Metabolic and psychiatric genetics of anorexia nervosa

Student thesis: Doctoral ThesisDoctor of Philosophy


Anorexia nervosa is a complex human trait that is primarily expressed in females but also observed in males. The disorder originates from an interplay of environmental factors with a genetic liability and develops most commonly around the time of puberty. Individuals with anorexia nervosa exhibit disordered eating behaviour as they severely restrict their calorie intake relative to their energy expenditure, and may engage in binge-eating and/or purging behaviour. Some individuals with anorexia nervosa exercise excessively to control their weight. These behaviours often coupled with distorted body perception and undue influence of body weight or shape on self-evaluation, result in extremely low and sometimes life-threatening body weight. No first line pharmacological treatment for anorexia nervosa is available, but psychotherapy coupled with therapeutic renourishment can be successful. Only 30-40% of individuals with anorexia nervosa seek treatment, and up to 30% of individuals develop a chronic or relapsing course. The mortality ratio of anorexia nervosa with up to 5.9 is one of the highest of all psychiatric disorders, therefore, new treatment options and preventive strategies are critically needed. 
During an acute episode of anorexia nervosa, individuals evidence ~50% lower body fat, lower fat-free mass, including losses of bone mineral mass and alterations in biochemical markers. Phenotypically, these body composition alterations are associated with higher insulin sensitivity and cortisol concentrations, but with lower leptin, thyroid hormone, and estradiol concentrations. Most of these alterations tend to return to levels or concentrations seen in healthy controls, but sample sizes are small and follow up periods are short which underscores the need for deep biochemical phenotyping of anorexia nervosa patients through “omics” approaches. 
As twin studies report heritabilities of anorexia nervosa between 32 and 74%, the next logical step was to perform genome-wide association studies to detect genomic loci that are associated with anorexia nervosa. Using the genomewide approach, we explain 17% of the variance of anorexia nervosa (i.e., heritability) via the contribution of common genetic variants. We identify eight genomic loci associated with anorexia nervosa, and enrichment analysis presents evidence for an involvement of brain tissue in the illness. Analysis using genetic correlations that are measures of genetic overlap between traits show that anorexia nervosa shares genomic variants with other psychiatric disorders corresponding to its comorbidity profile. Furthermore, anorexia nervosa shares genetics with metabolic traits, including high-density lipoprotein and insulin sensitivity. This sharing of underlying genetics motivates our reconceptualisation of anorexia nervosa as a metabo-psychiatric disorder, which generates a myriad hypotheses for future research endeavours.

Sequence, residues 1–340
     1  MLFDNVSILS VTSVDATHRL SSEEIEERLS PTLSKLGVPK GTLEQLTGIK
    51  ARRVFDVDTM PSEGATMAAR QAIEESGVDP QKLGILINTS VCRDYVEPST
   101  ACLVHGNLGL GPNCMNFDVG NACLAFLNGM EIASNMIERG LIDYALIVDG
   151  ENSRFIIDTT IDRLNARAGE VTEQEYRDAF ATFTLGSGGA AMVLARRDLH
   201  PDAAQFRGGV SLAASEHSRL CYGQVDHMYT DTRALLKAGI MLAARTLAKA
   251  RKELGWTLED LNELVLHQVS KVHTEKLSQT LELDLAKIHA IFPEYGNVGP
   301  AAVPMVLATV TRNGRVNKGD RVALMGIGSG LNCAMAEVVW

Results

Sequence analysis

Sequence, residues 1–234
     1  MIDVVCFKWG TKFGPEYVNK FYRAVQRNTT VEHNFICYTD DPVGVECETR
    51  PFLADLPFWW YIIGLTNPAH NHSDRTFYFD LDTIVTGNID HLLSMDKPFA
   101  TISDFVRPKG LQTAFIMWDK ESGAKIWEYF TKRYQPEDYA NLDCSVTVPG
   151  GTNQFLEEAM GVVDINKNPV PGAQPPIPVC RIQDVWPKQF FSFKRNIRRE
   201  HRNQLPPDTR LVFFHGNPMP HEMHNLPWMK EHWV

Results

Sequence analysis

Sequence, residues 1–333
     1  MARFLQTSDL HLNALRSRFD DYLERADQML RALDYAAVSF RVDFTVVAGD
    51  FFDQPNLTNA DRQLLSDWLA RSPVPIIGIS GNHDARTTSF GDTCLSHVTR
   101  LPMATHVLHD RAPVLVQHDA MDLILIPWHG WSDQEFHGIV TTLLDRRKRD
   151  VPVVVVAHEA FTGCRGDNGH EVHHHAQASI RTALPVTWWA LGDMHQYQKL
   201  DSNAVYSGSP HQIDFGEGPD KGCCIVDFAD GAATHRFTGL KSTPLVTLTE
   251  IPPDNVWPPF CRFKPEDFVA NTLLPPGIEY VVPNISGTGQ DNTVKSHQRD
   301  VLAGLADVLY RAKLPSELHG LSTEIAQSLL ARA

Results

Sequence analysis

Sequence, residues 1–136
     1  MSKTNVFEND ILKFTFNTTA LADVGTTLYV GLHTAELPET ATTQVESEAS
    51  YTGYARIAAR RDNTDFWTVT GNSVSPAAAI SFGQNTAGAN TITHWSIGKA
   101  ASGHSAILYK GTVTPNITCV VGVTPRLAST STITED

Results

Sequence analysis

Testing the significant genetic correlations of anorexia nervosa with psychiatric and metabolic traits for sex-dependence reveals that body fat percentage in females is more strongly genetically correlated with anorexia nervosa than in males. This suggests that a sex-dependent set of genetic variants is associated with anorexia nervosa and may partially contribute to the observed sex bias. 
Other psychiatric traits do not show sex-dependent genetic correlations with body composition traits and do not genetically correlate with metabolic traits like cholesterol or insulin sensitivity. Additionally, anorexia nervosa and obsessivecompulsive disorder—highly genetically correlated with each other—are the only psychiatric disorders that share genetic variants with accelerometer measured physical activity. This combination of metabolic and energy homeostasis-related genetic correlations may be unique characteristics of anorexia nervosa and differentiate it from other psychiatric traits. 
This new understanding of anorexia nervosa as a metabo-psychiatric disorder opens up new avenues for future research strategies and underscores the need to collect large international samples with deep phenotyping of not only psychological traits, but also metabolomic, proteomic, and lipidomic markers in anorexia nervosa patients. We strengthen the perspective that anorexia nervosa has a biological component which reduces the stigma associated with anorexia nervosa and set an example for future research on other eating disorders.
Date of Award1 Jan 2020
Original languageEnglish
Awarding Institution
  • King's College London
SupervisorGerome Breen (Supervisor) & Paul O'Reilly (Supervisor)

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